Terrestrial predators such as…oh

One comes across the oddest things in the press (yes, I’m going after the journalists again). This time out it’s a particularly bizarre one which fits my ‘checking’ hypothesis. Journalists (and bloggers alike) get complex or unusual or important facts from trusted sources (or Wikipedia in most cases I suspect) but fail to check things they think they already know. On occasion this leads to them getting complex ideas right while screwing up the simplest ones. The effort below is a brilliant example. The author correctly identifies a pterosaur as a flying reptile and not a dinosaur, gets the size right, includes a nice size analogy, and (since I assuming she is referring to Quetzalcoatlus specifically and not azhdarchoids in general) the location data is right. Most significantly, the point is very up to date including the recent work of Darren Naish and Mark Witton on terrestrial hunding in azdarchoids and getting it bang on (and let’s face it while this paper was well advertised, it’s not necessarily going to be picked up and remembered by every journalist, or they may not get the central concept correct). However, the last word lets the whole thing down with the kind of deflation normally assocaited by someone with ice-skates taking a turn on a bouncy castle. Here then is the source of my incredulity:

“A flying reptile the size of a spitfire aircraft and with a wingspan of up to 12m lived in North America. Although it could fly, scientists now think it hunted for food on foot, like today’s….


Yes, pelicans. They think pelicans hunt on the ground. Oh.

71163140afwyjlhqanimalsbirdswaterbirdspelicansdivingNow yes, it is true that pelicans like most predatory animals will happily take whatever they can get and will certianly snap up morsels on the ground if they are going (most famously including pigeons) however the idea that they are terrestrial predators in the line of caracaras or ground hornbills is frighteningly shy of the mark. Not only that but, well, it’s a pelican! You know, pelicans. The big birds that I thought pretty much everyone knew ate fish. Out to sea. You know, the old rhyme “hold in his beak, enough fish for a week” etc. Those birds that dive, head first into the sea (accompanying image from here). Hmmm, maybe pterosaurs were doing that, it would at least explain this.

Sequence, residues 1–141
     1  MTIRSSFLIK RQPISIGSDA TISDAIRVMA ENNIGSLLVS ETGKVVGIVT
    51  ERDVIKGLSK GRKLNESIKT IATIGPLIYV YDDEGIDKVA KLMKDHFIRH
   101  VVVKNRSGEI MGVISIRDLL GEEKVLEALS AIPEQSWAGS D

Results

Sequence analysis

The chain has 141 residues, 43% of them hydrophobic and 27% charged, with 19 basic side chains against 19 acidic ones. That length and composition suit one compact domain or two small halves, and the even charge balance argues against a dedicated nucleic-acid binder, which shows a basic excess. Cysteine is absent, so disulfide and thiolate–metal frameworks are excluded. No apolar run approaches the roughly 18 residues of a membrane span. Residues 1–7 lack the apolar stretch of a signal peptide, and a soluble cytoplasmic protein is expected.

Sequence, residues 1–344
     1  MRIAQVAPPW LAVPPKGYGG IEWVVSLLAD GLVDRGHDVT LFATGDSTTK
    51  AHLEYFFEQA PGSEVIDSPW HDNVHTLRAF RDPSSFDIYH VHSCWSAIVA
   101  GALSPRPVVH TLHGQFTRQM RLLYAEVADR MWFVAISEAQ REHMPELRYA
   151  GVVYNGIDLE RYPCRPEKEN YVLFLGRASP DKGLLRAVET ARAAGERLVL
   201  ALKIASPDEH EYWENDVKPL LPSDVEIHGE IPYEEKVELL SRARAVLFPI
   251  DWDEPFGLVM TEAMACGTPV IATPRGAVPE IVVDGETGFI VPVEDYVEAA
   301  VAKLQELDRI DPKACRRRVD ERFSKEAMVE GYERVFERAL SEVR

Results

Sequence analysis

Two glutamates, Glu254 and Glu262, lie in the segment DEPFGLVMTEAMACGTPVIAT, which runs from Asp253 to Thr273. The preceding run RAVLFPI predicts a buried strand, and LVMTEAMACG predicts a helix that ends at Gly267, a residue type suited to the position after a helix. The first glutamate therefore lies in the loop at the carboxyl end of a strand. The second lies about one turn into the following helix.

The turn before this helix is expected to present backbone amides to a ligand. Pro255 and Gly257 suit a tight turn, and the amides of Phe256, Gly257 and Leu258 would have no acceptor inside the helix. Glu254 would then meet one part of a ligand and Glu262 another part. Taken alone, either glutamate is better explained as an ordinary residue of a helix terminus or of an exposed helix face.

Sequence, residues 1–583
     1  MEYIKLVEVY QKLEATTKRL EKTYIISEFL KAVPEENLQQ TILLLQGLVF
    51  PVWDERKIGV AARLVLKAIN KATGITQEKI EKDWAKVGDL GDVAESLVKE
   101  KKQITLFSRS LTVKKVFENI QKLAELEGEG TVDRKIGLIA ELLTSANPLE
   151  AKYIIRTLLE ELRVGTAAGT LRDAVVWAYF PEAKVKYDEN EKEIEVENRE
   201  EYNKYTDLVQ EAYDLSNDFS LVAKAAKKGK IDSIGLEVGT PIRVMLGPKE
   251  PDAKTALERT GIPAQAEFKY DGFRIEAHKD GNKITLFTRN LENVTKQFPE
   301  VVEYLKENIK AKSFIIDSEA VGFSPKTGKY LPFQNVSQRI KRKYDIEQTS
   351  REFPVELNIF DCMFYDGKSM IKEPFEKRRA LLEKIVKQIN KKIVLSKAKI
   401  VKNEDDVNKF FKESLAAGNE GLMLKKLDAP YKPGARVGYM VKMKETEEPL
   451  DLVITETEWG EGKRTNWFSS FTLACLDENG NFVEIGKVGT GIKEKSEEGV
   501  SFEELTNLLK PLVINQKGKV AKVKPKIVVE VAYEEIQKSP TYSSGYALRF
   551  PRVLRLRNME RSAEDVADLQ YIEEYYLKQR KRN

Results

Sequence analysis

Oh, and here is a link to Darren’s own private pelican collection.

12 Responses to “Terrestrial predators such as…oh”

  1. 1 David Raikow 13/03/2009 at 11:07 pm

    Beware talking to the press. They can take your ordinary everyday catastrophic invasive species, say zebra mussels, and refer to them as…fish. And if they’re interested in your work, you can bet they’ll quote and photograph the advisor, not the grad student who’s actually doing the research. Stay tuned for up coming posts on dealing with the media, or “You too can be B-roll talking head.”

  2. 2 David Hone 14/03/2009 at 1:19 am

    I have documented quite a few horror stories on here myself David. As I say, it’s interesting how they get complex things wrong and ‘easy’ things right.

  3. 3 Zach Miller 14/03/2009 at 3:27 am